Office Design Expert Sommer Schauer On Tenants’ Expectations for Amenities

How do you keep people coming back to the workplace in the 21st century?

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Amenities have become the next big thing in offices.

Even before the pandemic, it was no longer enough to give tenants 250 square feet and cubicles for each office drone. It instead became about giving tenants an outdoor deck and a gym and something high-end to snack on and a place to support their “wellness” and a place to park their bike and care for their pet. 

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And there are companies that cater to the needs of landlords to cater to the needs of their tenants — whose needs are, as mentioned, even more complicated than before COVID. And the COVID emergency, which has made it a betting proposition about whether employees will even come back to the office in the same numbers as before, has made things dicier.

Enter Sommer Schauer. Her company’s website goes through the trouble of reassuring the reader that, her name notwithstanding, she “neither grew up in a commune nor practices meteorology.”

Though her name may evoke damp mid-July weather, what Schauer is actually is a principal and the chief design officer for Architecture Plus Information (A+I), a consultancy based in Manhattan’s Flatiron District that helps real estate owners dig into the increasingly complex subject of providing for their tenants’ comfort.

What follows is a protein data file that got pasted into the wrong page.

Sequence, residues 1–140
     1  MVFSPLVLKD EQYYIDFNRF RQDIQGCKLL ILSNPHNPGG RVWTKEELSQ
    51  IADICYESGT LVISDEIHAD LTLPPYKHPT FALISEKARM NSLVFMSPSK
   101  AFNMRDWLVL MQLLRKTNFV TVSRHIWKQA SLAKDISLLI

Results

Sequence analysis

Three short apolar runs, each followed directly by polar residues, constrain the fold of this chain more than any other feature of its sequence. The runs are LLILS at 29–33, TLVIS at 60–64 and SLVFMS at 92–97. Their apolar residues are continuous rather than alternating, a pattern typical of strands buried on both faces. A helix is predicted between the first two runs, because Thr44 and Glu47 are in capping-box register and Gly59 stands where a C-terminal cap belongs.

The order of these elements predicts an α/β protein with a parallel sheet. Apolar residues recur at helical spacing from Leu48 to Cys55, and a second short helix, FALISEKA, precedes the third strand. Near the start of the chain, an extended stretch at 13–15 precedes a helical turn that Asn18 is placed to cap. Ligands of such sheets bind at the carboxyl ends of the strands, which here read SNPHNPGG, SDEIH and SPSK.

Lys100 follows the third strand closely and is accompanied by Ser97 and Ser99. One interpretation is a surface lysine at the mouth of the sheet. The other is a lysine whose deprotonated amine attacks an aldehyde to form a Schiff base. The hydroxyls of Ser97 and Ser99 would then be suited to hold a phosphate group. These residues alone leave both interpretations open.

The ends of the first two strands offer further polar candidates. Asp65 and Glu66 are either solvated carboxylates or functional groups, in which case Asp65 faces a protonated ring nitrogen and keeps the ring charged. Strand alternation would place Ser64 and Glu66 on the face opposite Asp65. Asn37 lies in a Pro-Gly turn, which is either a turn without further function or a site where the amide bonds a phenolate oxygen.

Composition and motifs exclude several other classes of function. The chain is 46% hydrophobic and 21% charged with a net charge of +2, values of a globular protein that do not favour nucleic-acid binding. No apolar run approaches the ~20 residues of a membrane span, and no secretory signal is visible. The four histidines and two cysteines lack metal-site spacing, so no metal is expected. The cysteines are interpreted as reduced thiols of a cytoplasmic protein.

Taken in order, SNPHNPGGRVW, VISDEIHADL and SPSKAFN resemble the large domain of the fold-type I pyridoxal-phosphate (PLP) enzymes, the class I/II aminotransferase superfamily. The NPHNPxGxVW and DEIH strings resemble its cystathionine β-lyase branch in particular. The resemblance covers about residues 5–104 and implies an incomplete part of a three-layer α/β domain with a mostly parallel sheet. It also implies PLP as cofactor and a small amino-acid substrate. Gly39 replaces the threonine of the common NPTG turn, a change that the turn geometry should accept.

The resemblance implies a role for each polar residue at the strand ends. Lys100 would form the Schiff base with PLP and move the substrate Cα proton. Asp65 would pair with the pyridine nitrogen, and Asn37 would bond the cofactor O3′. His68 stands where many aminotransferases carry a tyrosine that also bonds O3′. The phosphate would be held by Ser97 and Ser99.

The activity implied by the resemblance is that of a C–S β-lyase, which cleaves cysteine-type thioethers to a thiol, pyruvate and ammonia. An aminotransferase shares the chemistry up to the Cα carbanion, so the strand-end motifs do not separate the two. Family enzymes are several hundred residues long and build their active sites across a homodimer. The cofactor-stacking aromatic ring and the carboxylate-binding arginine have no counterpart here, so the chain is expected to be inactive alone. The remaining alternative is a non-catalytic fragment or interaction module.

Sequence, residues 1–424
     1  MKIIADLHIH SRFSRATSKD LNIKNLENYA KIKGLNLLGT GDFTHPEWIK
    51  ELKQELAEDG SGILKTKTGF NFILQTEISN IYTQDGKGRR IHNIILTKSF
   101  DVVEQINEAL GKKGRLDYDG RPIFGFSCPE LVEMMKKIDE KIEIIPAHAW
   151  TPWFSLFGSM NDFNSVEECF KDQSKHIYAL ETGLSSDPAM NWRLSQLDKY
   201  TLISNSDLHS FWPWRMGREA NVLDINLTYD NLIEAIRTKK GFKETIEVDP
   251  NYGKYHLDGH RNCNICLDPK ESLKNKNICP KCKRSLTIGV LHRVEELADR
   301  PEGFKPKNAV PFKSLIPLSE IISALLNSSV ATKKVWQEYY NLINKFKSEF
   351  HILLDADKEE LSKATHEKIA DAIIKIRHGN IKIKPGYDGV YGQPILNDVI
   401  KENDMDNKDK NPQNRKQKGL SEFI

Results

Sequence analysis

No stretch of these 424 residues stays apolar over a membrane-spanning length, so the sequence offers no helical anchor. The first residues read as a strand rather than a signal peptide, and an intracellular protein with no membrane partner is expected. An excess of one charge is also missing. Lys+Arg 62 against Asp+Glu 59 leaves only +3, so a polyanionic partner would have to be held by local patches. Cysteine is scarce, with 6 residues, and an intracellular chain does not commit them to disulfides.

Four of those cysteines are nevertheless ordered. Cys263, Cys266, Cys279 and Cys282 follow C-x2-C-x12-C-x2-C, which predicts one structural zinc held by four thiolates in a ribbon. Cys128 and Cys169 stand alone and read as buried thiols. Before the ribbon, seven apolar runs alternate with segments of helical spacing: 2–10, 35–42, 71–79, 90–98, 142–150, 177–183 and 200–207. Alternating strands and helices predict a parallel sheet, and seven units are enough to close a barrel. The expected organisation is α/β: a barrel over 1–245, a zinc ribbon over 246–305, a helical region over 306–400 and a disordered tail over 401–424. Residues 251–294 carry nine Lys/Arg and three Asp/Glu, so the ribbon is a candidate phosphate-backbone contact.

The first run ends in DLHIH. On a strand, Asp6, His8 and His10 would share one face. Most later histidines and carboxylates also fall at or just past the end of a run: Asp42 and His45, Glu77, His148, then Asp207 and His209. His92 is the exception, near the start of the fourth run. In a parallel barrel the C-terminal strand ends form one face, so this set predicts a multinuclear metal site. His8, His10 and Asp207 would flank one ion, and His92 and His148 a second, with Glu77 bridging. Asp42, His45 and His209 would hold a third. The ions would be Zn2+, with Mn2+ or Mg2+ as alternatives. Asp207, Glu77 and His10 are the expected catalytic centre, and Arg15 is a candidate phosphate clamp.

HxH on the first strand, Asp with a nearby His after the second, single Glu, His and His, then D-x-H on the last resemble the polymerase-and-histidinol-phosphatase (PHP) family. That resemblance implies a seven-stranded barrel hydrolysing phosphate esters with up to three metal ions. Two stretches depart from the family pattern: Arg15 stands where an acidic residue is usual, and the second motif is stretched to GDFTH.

Her job gives her a unique insight on how to get and keep folks using commercial real estate in the 2020s and beyond. The firm’s clients include cultish exercise concern Peloton, and Chicago’s The Mart, the massive Art Deco structure known for most of its life as the Merchandise Mart, once owned by the Kennedy family, and now owned by Vornado Realty Trust.

Here are some of her thoughts, edited for clarity and length. 

Commercial Observer: How did you guys get into the amenities business?

Schauer: It comes directly from our almost 25 years — 25 years in September — experience in workplace. Increasingly, as our work with tenants became better know, maybe about a decade ago, landlords saw that we knew what tenants wanted, they could see through our work that we were able to find things in their leaseholds, and they began looking at us, like ‘what can we do to our buildings to entice tenants, how can we augment what is in their leaseholds.’

So we’ve been designing spaces and experiences that provide both identity and purpose to buildings to help them retain tenants. Often these buildings are past their prime. It’s part of our history, and our outlook on sustainability as well, taking buildings that are undervalued and helping the landlord provide amenities and programming, and these things become very valuable to tenants.

We’ve picked up a lot of work recently at Hudson Yards, hundreds of thousands of square feet for companies like Equinox, financial service firms, Peloton, which is only a block away. We understand what is happening there. That knowledge informs our thinking. Then we can apply it for landlords at other campus-like properties. A lot of it centers around hospitality forward-type spaces, what we’ve been doing inside the tenant spaces and in the work we’re doing for landlords.

We’re excited that there’s been this evolution towards a more public realm of landlord work.

Project back 25 years to what it was like in those days.